Contents List Our Memories CCF Yarns


CCF-related photos are on the Gallery page.

The Wymondham College Army Cadet Force (ACF) was founded in June 1962 by Mr. K.G. Swann (Science) and an initial contingent of 100 boys.   Mr Swann had been a navigator in Lancaster bombers during WW2 and once suffered had a crash landing, when, at that moment, his wife woke up with a premonition that something had happened.  He assumed the rank of 2nd Lieutenant and was soon Joined by Major Staveley (Geography teacher).

The 1962 College Magazine said "On Friday the 1st of June 1962, at Wymondham College, it was possible to see a most unusual sight.   The tarmacadam tennis courts [next to the MDH - Ed.] were covered, not with elegant girls in tennis attire, but with rather ungainly boys dressed in grey flannels and blazers, being shouted at by two male members of the College Teaching Staff.  This was the first occasion on which the majority of the boys had ever had cause to do any Army Drill and they were doing it here, at school, voluntarily, and apparently enjoying it."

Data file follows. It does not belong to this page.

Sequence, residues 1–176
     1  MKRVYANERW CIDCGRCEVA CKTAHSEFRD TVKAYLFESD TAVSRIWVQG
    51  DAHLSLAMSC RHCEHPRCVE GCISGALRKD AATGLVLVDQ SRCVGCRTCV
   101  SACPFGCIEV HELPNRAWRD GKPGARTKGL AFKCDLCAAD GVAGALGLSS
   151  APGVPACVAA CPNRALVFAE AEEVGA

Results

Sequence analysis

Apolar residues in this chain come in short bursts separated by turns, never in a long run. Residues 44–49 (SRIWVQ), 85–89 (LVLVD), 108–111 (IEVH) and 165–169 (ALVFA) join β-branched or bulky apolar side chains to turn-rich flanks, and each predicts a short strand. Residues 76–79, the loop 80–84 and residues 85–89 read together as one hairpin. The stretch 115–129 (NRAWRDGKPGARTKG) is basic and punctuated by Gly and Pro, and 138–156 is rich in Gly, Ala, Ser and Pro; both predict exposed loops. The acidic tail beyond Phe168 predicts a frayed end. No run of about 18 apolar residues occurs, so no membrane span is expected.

The Armoury, at the end of Hut 38 - former Hospital padded room

The small building at the end of hut 38 was used as an armoury by the original ACF and was considered a good place for a crafty smoke if you had a key (I had one).  The ACF had a night exercise in the College grounds (possibly 1963), with lots of blank ammunition and thunder flashes.  I seem to remember that no one told the warden at Morley Hall (approved school) about it and he was not best pleased.

Paul Stochaj